Remember Europe? Investors Turning Their Focus Elsewhere

While Europe's debt crisis is likely to play out for months if not years ahead, US investors seem to be over it—at least for the time being.

A trader at the New York Stock Exchange.
Photo: Oliver Quillia for
A trader at the New York Stock Exchange.

A 10 percent correction in the market is being seen by analysts as the proper market reaction to the sovereign debt issues that threaten Greece, Spain and other European Union nations.

So with that in the past, Wall Street appears to be turning its attention to jobs, financial reform and global issues elsewhere such as China and its burgeoning real estate issues and slowing economy.

"We need to put a little more risk back in the market after a 13-month bull rally. This was a good catalyst for doing it," says Paul Zemsky, head of asset allocation at ING Investment Management in New York. "The market's repriced to a higher probability of a bad outcome and not the certainty of a bad outcome. That's kind of gotten out of the way for the moment."

The most obvious sign of the debt crisis came in the form of a dramatically weakened euro and a much stronger dollar, both of which were negative for US stocks.

But in the past two weeks that trade has changed. Since May 25, stocks are up about 2 percent while the euro has dropped 1 percent.

At the same time, credit spreads also have tightened both in high grade (by 0.09 percentage points) and high yield (by 0.02 percentage points), according to BofA-Merrill Lynch Global Research.

While not dramatic moves, the trends have signaled that the markets are moving away from the Euro fear trade.

One reason could be that currency swaps of US dollars for euros have helped quell liquidity concerns; another is a belief that the US markets have priced in at least near-term fears about what is next for Europe.

"Clearly risk assets are benefiting from easing funding pressures despite the fact that the euro remains under pressure," BofA-Merrill said in a research note. "While we continue to view funding pressures as contained due to the ECB/Fed currency swap lines, the main risk to our tactical long credit positions remains any disorderly declines in the euro, as that would undermine the credibility of the ECB to contain the sovereign crisis."

To be sure, those fears about the European Central Bank's effectiveness in calming the debt turmoil remain, and could yet cause another leg lower in US markets.

The market got a taste of that last Friday, when pre-holiday selling converged with Fitch's downgrade of Spain's debt to squelch an attempt for a market rally.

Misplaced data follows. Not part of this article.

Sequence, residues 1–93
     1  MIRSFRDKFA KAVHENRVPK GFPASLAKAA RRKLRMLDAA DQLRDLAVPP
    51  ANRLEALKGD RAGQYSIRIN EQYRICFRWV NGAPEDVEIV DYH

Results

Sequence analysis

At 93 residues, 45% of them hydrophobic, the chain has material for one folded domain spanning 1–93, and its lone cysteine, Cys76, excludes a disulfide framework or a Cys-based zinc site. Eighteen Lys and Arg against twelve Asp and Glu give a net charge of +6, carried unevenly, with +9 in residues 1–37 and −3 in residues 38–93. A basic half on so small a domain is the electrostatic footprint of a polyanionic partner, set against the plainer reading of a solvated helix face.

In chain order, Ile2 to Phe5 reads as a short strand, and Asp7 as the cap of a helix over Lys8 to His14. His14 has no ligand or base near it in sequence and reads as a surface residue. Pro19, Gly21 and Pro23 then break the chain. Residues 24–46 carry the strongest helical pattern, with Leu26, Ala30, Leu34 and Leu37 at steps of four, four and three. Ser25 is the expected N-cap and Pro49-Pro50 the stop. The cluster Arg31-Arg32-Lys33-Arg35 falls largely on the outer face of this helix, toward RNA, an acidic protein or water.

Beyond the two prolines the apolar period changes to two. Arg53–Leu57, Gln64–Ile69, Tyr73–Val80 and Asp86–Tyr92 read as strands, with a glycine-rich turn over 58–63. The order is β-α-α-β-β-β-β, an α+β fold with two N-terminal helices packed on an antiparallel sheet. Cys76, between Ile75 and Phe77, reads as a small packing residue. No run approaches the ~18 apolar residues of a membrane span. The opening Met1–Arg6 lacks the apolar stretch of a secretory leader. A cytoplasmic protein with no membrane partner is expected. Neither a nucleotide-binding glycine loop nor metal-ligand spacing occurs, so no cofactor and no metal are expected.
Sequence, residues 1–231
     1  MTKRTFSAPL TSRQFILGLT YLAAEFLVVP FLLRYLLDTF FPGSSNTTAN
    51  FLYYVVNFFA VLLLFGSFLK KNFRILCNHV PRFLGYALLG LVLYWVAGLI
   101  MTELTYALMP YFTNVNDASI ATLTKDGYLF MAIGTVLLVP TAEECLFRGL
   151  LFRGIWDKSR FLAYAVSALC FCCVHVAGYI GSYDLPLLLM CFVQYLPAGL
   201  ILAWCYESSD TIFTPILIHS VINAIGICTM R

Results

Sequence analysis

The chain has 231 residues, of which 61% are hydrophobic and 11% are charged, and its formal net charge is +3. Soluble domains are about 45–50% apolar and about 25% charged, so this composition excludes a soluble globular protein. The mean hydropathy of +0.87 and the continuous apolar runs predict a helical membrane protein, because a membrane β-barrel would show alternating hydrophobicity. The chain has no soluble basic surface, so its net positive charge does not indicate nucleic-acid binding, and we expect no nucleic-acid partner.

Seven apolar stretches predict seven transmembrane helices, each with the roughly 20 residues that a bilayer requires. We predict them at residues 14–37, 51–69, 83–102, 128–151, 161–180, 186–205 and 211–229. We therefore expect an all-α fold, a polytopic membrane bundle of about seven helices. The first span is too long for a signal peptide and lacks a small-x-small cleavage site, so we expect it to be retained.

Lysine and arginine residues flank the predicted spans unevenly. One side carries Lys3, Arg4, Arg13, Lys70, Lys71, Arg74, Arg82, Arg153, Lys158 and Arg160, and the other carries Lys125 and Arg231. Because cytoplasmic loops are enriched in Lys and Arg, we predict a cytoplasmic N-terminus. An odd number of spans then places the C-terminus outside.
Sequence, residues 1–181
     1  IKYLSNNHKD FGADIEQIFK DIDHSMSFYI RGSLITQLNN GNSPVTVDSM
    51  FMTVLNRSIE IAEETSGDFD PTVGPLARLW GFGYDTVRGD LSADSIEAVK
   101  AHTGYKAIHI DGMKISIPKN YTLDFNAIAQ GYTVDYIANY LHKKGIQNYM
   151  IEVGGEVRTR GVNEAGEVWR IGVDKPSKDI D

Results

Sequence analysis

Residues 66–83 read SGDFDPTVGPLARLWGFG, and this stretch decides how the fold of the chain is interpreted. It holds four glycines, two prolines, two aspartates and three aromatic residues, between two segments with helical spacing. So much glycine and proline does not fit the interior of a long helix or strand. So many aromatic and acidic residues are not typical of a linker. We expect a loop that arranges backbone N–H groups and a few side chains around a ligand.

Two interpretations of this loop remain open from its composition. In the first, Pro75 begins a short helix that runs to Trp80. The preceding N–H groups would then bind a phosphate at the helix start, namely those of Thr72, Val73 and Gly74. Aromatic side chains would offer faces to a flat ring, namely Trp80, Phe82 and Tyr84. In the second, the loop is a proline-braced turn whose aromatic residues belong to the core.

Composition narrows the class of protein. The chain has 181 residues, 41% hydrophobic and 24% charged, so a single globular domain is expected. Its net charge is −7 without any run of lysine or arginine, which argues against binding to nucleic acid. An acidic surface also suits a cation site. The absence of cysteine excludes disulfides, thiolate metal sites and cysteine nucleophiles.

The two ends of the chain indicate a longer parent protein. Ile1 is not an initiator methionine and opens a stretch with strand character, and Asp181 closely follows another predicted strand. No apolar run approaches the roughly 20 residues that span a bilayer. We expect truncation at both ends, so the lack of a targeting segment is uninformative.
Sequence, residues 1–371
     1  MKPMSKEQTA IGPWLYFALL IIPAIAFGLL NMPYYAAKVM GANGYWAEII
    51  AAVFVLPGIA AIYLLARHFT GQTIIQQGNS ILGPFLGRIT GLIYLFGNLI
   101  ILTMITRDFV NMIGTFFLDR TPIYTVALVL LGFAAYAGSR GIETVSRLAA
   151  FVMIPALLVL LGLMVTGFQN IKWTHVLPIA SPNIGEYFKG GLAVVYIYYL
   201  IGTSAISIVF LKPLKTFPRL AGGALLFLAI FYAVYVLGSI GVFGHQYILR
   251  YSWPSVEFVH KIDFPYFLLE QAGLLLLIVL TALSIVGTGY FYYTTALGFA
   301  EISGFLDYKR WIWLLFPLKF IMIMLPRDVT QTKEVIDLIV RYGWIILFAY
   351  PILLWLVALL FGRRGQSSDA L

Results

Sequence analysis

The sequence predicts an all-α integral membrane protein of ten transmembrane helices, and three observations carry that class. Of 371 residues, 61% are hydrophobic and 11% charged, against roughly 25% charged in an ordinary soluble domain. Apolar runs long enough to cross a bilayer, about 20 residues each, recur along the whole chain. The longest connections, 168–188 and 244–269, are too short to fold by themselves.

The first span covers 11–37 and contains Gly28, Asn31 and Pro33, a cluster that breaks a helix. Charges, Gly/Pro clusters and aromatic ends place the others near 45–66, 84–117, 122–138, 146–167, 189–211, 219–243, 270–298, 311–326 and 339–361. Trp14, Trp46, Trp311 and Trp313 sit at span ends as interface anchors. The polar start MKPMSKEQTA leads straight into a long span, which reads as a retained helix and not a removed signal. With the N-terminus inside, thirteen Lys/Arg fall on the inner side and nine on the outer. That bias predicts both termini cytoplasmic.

"The shocks have not even begun to appear," says Peter J. Tanous, president and director at Lynx Investment Advisory in Washington, D.C. "Some of the major shocks may be a year away. But the simple bottom line is that there is more debt out there in Europe than will ever be repaid. That's across the board."

Any further quakes out of the Eurozone economies most certainly will felt in the US, Tanous says.

"There is serious risk out there," he adds. "From a portfolio strategy, we advised clients to lower their allocations to European-country equities because there was a double hazard. Stocks may go down and the euro may go down, which is a double whammy to American investors."

Indeed, US markets are far from calm. But with only a smattering of headline risk posed for the time being from Europe, investors seem more focused elsewhere.

Thursday's trading saw yet another rally snuffed outafter growth in the services sectorfailed to impress, jobs numbers were a mixed bag, and ratings agencies began to team up on BP and its failed efforts to stop the Gulf of Mexico oil spill.

"They're focused on the disconnect between US economic data, which generally seems to be pretty good, and fears of a downturn in China, fears of how much impact the European sovereign debt will have on demand," says Uri Landesman, president of Platinum Partners hedge fund in New York. "What we could see this year is a reasonable divergence of returns in various markets."

The result, then, could be that even if the European fears have faded, the summer could still be rough going.

"Overall, some stage-one panic is over now," ING's Zemsky says. "Now people will focus on the fundamentals. There's going to be positive and negative. We'll probably have a pretty choppy market between now and over the summer.

The market could spend much of that time trading between its near-term resistance on the Standard & Poor's 500 of 1,104 and support at 1,040, says Landesman, who believes the market could take out support before breaking through resistance.

"The market's been in a relatively narrow range but with very high day-to-day activity," he says. "It's not good for money managers. It gets people scared of the market, and with good reason."